Opening: Identifying how your windows open is another important point to recognise. The most common types of opening include side hung and top hung. The difference lies in where the hinges sit. Side hung windows open outward with hinges on the right and left of their frame. Top hung windows swing open using hinges at the top of the window frame. Simply opening your windows will help identify which mechanism they use.
What is the difference between sliding sash and casement windows?
Casement windows usually open outwards from the home with side positioned hinges, like a door. This style is extremely popular in a lot of modern homes.
Sliding sash windows open by sliding horizontally up and down. Modern sliding sash windows work using a spring-loaded device called a spiral balance. Sash balances eliminate the need for weight pockets and can be installed in smaller openings and allow for larger window sizes and consequently a larger glass area. The style looks particularly fitting on older or period properties, as it reflects a style made popular in the Victorian and Georgian eras.
Do I need planning permission to replace my windows?
No. You do not need planning permission to replace existing windows or doors, though you will need to check to see if you are located in a conservation area as you may be restricted with what designs or materials you are allowed to use. You can check this with your local council.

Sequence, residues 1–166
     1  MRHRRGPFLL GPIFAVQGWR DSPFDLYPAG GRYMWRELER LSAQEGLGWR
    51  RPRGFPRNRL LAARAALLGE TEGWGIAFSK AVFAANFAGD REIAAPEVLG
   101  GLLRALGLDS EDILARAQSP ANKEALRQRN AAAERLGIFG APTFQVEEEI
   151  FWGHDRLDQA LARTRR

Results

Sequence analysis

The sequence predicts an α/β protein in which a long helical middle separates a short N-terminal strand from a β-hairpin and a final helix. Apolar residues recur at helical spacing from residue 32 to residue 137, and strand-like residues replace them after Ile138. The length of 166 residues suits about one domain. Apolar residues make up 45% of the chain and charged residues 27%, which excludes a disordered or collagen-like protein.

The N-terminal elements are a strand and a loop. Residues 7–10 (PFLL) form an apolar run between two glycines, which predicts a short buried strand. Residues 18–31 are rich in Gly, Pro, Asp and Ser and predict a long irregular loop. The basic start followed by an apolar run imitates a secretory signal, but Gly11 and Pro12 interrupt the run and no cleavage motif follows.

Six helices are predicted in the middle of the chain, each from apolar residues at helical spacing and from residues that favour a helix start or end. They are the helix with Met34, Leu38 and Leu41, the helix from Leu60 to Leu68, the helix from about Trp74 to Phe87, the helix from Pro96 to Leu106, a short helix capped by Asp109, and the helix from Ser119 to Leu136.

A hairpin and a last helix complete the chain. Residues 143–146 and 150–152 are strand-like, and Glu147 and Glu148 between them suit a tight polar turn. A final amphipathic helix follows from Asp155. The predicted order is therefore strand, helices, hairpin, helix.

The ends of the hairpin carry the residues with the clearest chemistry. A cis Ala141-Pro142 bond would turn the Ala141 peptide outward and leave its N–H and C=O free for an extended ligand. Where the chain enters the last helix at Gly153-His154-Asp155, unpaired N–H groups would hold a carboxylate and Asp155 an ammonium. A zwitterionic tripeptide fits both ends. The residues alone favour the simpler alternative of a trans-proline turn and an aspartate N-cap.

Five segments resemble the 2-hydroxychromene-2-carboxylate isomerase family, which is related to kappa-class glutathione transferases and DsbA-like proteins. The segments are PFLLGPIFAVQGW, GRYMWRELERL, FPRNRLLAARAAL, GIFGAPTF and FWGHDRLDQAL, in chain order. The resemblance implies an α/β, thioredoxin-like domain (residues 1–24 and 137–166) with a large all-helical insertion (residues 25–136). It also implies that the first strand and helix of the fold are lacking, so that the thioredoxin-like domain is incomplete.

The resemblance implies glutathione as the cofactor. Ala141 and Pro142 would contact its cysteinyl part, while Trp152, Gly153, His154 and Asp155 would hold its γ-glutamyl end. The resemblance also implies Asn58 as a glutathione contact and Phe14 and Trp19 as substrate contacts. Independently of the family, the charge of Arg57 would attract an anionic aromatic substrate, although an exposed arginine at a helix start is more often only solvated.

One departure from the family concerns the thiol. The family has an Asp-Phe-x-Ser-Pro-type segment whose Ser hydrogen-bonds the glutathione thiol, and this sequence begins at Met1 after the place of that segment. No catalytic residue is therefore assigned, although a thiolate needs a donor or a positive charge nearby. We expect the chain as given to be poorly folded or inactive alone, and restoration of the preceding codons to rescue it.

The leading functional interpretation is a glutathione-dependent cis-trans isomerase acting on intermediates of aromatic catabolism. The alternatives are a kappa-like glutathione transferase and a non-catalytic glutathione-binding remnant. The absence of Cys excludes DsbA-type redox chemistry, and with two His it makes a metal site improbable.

How secure are your windows?
We pride ourselves on offering the utmost security for your home, giving you total peace of mind. With security upgrades available allowing for the highest security standards possible, you can put your trust in us to keep your home safe and secure.
How does double glazing work?
Double glazed windows are constructed by placing two panes of glass closely together, as opposed to just a single pane of glass. One pane of glass is on the exterior, and one sits securely inside. Between the panes, there is a thin gap that is filled with argon gas. Argon gas is used to slow the transfer of heat through windows. Since molecular movement is so restricted within argon gas, far less heat is transferred and far less heat loss occurs. This helps to really improve the energy efficiency of homes.
How much does double glazing cost?
What do window energy ratings mean?
Window energy efficiency rating schemes are based on a scale that ranges from A-G. This system is similar to the labelling system used that you may have seen on fridges, washing machines, and cookers. An ‘A’ rating indicates a good level of energy efficiency, whilst G is the lowest rating. Low rated windows will not normally satisfy building regulations requirements. We’re confident that all of our windows meet or surpass the recommended energy efficiency level.
Here to help with your window replacement project
If you require any further information, or you have a question we haven’t answered here, don’t hesitate to contact our perceptive team of skilled professionals where you can also get a free, no-obligation quote. We look forward to helping with your window replacement project.